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Modis Main Findings
BackgroundIT recuriting firm Modis polled 1,005 Americans to understand what technology disasters “scared” them the most and which information or content they were most afraid to have shared with the public.
- This report presents the findings of a telephone survey conducted among two national probability samples, which, when combined, consists of 1,005 adults, 504 men and 501 women 18 years of age and older, living in the continental United States.
- Interviews for this CARAVAN® Survey were conducted from October 10-13, 2013 -- 655 interviews were from the landline sample and 350 interviews from the cell phone sample. The margin of error for this study is +/- 3.1%.
Primary Fear: Email Hacking
Email hacking is Americans’ greatest technology-related fear.
- When asked which technology-related situation they find scariest, Americans cited having their personal or work email account hacked (22 percent) or losing all of the files or data on their computer (19 percent).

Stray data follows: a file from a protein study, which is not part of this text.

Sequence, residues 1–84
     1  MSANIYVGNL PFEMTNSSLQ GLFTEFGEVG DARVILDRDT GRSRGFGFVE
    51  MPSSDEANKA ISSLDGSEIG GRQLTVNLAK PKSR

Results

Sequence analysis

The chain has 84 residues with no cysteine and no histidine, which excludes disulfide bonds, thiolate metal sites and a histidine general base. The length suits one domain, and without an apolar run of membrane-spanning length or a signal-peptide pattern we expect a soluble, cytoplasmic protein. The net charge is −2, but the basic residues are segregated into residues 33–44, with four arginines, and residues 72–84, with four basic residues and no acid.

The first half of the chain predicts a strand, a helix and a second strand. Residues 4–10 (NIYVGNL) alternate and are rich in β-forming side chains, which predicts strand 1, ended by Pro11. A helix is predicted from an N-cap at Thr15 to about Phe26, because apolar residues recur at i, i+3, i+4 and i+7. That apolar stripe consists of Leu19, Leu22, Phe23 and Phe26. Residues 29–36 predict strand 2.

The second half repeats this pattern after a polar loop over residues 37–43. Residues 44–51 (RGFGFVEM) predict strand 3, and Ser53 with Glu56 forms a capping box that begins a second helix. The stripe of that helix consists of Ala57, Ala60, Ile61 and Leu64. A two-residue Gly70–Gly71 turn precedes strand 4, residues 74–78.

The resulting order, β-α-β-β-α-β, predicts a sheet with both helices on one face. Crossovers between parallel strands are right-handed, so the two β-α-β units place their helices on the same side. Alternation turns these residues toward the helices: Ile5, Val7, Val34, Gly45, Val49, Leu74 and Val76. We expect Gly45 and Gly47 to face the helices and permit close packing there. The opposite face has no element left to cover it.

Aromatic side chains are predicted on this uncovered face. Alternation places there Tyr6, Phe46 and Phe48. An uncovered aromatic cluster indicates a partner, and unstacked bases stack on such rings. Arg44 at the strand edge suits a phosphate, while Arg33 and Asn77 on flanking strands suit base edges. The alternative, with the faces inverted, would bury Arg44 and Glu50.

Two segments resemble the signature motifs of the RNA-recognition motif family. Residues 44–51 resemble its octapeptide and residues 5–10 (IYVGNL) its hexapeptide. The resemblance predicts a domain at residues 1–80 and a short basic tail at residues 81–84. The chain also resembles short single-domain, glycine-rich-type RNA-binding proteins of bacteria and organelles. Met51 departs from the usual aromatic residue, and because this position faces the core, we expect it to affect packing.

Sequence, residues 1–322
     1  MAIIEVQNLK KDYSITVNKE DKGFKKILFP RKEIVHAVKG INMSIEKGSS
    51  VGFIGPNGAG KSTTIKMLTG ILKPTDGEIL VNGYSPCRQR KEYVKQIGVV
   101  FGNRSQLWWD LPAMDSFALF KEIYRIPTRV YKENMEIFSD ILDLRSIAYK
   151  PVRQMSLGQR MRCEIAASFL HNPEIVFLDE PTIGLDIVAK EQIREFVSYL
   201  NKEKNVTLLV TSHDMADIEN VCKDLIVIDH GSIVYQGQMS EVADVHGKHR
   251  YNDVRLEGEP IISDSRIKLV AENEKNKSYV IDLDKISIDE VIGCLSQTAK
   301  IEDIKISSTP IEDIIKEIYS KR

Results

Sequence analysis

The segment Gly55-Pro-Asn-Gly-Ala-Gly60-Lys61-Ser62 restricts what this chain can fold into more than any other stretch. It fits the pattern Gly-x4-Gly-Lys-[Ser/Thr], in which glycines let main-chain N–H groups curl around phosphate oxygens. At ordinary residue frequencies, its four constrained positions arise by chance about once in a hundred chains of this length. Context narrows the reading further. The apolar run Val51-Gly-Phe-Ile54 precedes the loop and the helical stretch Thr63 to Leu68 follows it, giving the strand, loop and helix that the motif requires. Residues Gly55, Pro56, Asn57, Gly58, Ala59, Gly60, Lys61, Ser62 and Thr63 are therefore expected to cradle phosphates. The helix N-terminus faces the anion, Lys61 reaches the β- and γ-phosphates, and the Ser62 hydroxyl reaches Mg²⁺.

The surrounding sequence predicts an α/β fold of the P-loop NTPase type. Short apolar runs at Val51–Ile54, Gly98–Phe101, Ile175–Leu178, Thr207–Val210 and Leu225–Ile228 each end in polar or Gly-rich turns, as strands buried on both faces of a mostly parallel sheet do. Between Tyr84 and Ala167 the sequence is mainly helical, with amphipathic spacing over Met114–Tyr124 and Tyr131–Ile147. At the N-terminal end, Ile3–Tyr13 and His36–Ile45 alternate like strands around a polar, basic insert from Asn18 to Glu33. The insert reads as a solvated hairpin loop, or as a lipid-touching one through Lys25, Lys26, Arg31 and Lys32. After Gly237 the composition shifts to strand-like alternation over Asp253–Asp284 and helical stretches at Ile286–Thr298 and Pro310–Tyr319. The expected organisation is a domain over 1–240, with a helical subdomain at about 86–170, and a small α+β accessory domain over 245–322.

- They are also afraid of losing or forgetting passwords to important online accounts (15 percent), permanently losing all contacts in their mobile phone (15 percent), losing personal Internet access for a month (8 percent), spilling coffee or liquid on their keyboard (6 percent), and sending a text or email to the wrong person (4 percent).
Secondary fear: Release of banking information
Americans are most fearful of online banking information being publicized or leaked.
- More than half of Americans (58 percent) would be most afraid of their online banking information being publicized without their consent, compared to their photos/videos (7 percent), social media passwords (7 percent), text messages (5 percent), personal emails (5 percent), search or browser history (3 percent), and apps (1 percent).